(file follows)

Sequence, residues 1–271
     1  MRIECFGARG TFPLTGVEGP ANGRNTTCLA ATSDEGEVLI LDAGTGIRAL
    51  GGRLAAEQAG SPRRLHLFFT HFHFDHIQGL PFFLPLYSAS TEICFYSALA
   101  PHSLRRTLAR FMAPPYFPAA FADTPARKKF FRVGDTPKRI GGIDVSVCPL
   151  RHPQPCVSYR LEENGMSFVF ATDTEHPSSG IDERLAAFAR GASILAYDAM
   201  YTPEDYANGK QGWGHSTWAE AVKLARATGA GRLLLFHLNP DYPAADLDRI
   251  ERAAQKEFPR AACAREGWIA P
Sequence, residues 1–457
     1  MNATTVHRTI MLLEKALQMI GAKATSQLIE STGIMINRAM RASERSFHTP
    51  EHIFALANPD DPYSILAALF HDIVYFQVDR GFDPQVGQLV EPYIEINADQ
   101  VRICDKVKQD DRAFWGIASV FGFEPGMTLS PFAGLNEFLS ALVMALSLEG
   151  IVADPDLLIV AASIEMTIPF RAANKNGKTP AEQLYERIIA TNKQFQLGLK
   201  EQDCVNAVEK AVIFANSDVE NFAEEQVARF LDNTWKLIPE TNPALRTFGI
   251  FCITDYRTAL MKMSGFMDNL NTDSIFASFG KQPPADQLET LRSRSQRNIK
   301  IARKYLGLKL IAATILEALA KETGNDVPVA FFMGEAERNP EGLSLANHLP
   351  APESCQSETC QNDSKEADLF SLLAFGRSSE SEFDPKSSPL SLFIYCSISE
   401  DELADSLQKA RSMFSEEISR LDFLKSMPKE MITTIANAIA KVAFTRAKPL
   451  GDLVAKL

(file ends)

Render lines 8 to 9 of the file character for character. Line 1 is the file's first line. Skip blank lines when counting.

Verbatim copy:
Sequence, residues 1–457
     1  MNATTVHRTI MLLEKALQMI GAKATSQLIE STGIMINRAM RASERSFHTP